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Loss of ELK1 has differential effects on age-dependent organ fibrosis

Cairns, Jennifer T.; Habgood, Anthony; Edwards-Pritchard, Rochelle C.; Joseph, Chitra; John, Alison E.; Wilkinson, Chloe; Stewart, Iain D.; Leslie, Jack; Blaxall, Burns C.; Sustak, Katalin; Alberti, Siegfried; Nordheim, Alfred; Oakley, Fiona; Jenkins, Gisli; Tatler, Amanda L.

Authors

Jennifer T. Cairns

Anthony Habgood

Rochelle C. Edwards-Pritchard

Chloe Wilkinson

Jack Leslie

Burns C. Blaxall

Katalin Sustak

Siegfried Alberti

Alfred Nordheim

Fiona Oakley

GISLI JENKINS gisli.jenkins@nottingham.ac.uk
Professor of Experimental Medicine



Abstract

© 2019 The Author(s) ETS domain-containing protein-1 (ELK1) is a transcription factor important in regulating αvβ6 integrin expression. αvβ6 integrins activate the profibrotic cytokine Transforming Growth Factor β1 (TGFβ1) and are increased in the alveolar epithelium in idiopathic pulmonary fibrosis (IPF). IPF is a disease associated with aging and therefore we hypothesised that aged animals lacking Elk1 globally would develop spontaneous fibrosis in organs where αvβ6 mediated TGFβ activation has been implicated. Here we identify that Elk1-knockout (Elk1−/0) mice aged to one year developed spontaneous fibrosis in the absence of injury in both the lung and the liver but not in the heart or kidneys. The lungs of Elk1−/0 aged mice demonstrated increased collagen deposition, in particular collagen 3α1, located in small fibrotic foci and thickened alveolar walls. Despite the liver having relatively low global levels of ELK1 expression, Elk1−/0 animals developed hepatosteatosis and fibrosis. The loss of Elk1 also had differential effects on Itgb1, Itgb5 and Itgb6 expression in the four organs potentially explaining the phenotypic differences in these organs. To understand the potential causes of reduced ELK1 in human disease we exposed human lung epithelial cells and murine lung slices to cigarette smoke extract, which lead to reduced ELK1 expression andmay explain the loss of ELK1 in human disease. These data support a fundamental role for ELK1 in protecting against the development of progressive fibrosis via transcriptional regulation of beta integrin subunit genes, and demonstrate that loss of ELK1 can be caused by cigarette smoke.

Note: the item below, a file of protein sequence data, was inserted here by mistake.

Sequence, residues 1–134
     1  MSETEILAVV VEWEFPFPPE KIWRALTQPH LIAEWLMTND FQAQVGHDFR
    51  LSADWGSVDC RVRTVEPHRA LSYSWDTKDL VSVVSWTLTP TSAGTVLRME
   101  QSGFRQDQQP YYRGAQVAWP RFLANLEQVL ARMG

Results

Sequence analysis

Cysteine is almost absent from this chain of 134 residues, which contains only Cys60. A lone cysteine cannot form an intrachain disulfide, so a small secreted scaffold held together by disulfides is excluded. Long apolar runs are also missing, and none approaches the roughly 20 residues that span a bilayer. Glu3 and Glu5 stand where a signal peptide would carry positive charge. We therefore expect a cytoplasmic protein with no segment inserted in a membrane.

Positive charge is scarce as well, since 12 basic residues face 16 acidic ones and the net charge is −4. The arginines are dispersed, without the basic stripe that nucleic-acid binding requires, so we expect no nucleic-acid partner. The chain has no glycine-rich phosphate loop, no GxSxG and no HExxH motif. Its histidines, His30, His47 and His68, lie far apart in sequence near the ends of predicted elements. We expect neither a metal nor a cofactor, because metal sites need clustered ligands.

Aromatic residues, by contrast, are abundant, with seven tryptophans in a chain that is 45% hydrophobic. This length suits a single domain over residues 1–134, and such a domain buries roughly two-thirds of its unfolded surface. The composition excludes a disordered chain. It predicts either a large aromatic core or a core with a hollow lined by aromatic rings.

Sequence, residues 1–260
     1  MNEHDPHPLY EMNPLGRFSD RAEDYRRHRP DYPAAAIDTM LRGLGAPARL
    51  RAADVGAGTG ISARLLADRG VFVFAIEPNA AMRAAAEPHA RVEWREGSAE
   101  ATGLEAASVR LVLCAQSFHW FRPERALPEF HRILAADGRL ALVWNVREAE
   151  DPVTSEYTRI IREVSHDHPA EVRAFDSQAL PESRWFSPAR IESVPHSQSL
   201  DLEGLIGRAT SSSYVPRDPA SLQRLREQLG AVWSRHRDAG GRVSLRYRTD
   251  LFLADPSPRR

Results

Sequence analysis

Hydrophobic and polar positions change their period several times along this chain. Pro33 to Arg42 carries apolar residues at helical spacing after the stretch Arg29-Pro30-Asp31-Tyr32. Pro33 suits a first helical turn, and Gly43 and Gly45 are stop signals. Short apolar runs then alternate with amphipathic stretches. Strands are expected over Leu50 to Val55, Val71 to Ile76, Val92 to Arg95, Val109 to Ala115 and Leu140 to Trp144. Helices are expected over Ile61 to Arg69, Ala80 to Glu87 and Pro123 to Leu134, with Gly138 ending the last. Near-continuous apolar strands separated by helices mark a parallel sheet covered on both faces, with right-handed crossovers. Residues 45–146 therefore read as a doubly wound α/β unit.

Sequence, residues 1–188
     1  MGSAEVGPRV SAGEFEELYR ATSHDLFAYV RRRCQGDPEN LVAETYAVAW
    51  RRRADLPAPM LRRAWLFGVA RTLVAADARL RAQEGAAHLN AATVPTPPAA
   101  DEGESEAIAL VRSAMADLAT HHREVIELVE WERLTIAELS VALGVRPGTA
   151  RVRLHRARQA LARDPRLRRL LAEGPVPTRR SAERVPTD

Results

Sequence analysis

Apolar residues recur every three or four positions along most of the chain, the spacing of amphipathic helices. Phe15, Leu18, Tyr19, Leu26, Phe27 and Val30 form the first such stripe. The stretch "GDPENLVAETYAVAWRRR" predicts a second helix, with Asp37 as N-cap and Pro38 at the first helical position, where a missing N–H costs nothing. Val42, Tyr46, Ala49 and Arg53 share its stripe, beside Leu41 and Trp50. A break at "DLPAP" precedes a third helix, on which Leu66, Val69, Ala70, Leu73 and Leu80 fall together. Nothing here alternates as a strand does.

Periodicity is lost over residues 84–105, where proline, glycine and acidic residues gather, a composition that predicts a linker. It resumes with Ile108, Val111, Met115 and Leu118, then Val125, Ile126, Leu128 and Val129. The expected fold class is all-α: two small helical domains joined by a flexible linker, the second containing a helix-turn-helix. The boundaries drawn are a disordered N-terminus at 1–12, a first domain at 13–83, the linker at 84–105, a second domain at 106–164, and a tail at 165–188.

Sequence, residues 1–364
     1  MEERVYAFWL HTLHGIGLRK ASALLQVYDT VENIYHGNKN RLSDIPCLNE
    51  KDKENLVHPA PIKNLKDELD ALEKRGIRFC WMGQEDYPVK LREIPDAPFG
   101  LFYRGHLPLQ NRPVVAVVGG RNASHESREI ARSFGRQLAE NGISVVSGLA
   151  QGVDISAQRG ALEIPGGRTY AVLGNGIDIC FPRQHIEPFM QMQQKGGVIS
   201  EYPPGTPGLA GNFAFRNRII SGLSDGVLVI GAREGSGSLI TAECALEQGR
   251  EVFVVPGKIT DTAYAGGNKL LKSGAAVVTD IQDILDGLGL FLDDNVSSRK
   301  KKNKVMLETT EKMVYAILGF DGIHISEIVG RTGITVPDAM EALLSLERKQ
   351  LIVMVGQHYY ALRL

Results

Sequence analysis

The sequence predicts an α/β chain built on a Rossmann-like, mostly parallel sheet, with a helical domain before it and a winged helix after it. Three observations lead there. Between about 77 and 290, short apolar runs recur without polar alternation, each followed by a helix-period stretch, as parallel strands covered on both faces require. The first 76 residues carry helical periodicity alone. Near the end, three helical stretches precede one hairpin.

Journal Article Type Article
Publication Date Mar 1, 2020
Journal The International Journal of Biochemistry & Cell Biology
Print ISSN 1357-2725
Electronic ISSN 1878-5875
Publisher Elsevier
Peer Reviewed Peer Reviewed
Volume 120
Article Number 105668
APA6 Citation Cairns, J. T., Habgood, A., Edwards-Pritchard, R. C., Joseph, C., John, A. E., Wilkinson, C., …Tatler, A. L. (2020). Loss of ELK1 has differential effects on age-dependent organ fibrosis. International Journal of Biochemistry and Cell Biology, 120, https://doi.org/10.1016/j.biocel.2019.105668
DOI https://doi.org/10.1016/j.biocel.2019.105668
Keywords Cell Biology; Biochemistry
Publisher URL https://www.sciencedirect.com/science/article/pii/S1357272519302456

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